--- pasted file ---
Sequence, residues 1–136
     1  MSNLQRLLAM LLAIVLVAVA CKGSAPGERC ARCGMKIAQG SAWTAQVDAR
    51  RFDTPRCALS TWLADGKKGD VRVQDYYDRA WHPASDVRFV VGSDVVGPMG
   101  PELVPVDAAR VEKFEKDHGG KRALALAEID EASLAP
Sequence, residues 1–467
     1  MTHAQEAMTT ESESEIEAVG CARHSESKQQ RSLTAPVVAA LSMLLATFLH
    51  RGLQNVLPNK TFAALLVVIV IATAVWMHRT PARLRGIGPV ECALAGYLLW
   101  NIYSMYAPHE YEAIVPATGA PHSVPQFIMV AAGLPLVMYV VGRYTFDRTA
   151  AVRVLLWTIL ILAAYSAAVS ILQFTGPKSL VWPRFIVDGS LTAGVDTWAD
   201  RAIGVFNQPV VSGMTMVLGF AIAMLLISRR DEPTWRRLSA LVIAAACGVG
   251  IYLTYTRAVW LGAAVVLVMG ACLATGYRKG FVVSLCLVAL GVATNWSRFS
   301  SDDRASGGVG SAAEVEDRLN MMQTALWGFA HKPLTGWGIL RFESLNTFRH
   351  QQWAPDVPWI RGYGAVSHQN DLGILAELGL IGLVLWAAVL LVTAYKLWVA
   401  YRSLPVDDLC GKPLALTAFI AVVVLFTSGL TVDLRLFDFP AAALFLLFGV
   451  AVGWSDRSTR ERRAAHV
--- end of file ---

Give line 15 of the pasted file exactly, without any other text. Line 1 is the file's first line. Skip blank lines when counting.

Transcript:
   451  AVGWSDRSTR ERRAAHV